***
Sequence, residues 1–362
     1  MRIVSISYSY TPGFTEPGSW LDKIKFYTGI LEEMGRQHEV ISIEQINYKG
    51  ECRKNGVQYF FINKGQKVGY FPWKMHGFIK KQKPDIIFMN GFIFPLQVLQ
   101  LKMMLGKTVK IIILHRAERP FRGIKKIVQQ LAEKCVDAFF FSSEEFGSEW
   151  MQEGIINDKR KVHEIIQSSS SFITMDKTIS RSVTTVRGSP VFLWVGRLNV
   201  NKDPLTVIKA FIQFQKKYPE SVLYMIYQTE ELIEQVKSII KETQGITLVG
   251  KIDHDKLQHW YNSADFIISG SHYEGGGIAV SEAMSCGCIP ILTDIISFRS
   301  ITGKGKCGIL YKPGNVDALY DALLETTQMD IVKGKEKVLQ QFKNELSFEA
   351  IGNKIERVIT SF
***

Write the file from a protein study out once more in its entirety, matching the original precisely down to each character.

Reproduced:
Sequence, residues 1–362
     1  MRIVSISYSY TPGFTEPGSW LDKIKFYTGI LEEMGRQHEV ISIEQINYKG
    51  ECRKNGVQYF FINKGQKVGY FPWKMHGFIK KQKPDIIFMN GFIFPLQVLQ
   101  LKMMLGKTVK IIILHRAERP FRGIKKIVQQ LAEKCVDAFF FSSEEFGSEW
   151  MQEGIINDKR KVHEIIQSSS SFITMDKTIS RSVTTVRGSP VFLWVGRLNV
   201  NKDPLTVIKA FIQFQKKYPE SVLYMIYQTE ELIEQVKSII KETQGITLVG
   251  KIDHDKLQHW YNSADFIISG SHYEGGGIAV SEAMSCGCIP ILTDIISFRS
   301  ITGKGKCGIL YKPGNVDALY DALLETTQMD IVKGKEKVLQ QFKNELSFEA
   351  IGNKIERVIT SF